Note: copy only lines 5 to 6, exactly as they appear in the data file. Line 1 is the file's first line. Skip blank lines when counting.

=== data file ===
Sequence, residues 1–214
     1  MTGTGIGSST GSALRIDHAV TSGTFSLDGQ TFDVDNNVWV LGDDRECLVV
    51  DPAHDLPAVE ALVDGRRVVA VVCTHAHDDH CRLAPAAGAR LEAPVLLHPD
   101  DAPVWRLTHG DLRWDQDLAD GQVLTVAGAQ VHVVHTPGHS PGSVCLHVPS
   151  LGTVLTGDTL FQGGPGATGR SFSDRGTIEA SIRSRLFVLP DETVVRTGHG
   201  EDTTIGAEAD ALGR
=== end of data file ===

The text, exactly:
   151  LGTVLTGDTL FQGGPGATGR SFSDRGTIEA SIRSRLFVLP DETVVRTGHG
   201  EDTTIGAEAD ALGR